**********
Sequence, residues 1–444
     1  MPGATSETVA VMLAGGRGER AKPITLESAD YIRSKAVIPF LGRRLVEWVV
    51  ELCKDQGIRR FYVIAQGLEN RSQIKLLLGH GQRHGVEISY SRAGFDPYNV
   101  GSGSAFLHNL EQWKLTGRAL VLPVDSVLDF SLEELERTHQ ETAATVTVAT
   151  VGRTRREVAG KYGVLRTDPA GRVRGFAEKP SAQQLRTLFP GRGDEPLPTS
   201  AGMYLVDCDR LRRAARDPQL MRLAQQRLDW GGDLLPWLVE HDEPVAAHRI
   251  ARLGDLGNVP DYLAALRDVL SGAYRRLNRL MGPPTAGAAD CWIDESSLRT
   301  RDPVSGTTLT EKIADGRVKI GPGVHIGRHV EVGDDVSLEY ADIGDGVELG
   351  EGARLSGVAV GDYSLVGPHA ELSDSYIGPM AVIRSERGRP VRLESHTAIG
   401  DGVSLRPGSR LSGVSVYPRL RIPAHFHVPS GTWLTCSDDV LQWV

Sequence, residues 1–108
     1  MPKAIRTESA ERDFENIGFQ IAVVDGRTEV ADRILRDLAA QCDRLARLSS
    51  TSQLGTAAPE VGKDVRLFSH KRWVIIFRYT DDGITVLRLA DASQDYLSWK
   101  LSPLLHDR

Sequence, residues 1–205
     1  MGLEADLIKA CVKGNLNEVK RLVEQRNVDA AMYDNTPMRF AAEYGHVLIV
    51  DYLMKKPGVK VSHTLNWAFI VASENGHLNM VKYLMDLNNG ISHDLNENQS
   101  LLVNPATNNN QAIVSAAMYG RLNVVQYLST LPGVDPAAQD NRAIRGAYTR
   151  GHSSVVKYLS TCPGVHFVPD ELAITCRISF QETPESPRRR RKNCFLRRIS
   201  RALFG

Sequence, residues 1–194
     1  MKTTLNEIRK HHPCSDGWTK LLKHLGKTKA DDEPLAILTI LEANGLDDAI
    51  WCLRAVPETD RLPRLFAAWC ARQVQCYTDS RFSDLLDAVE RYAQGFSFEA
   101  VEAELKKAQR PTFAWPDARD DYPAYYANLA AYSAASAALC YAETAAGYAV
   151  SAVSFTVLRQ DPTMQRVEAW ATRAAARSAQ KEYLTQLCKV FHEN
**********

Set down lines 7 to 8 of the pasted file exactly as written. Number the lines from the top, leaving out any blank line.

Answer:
   251  ARLGDLGNVP DYLAALRDVL SGAYRRLNRL MGPPTAGAAD CWIDESSLRT
   301  RDPVSGTTLT EKIADGRVKI GPGVHIGRHV EVGDDVSLEY ADIGDGVELG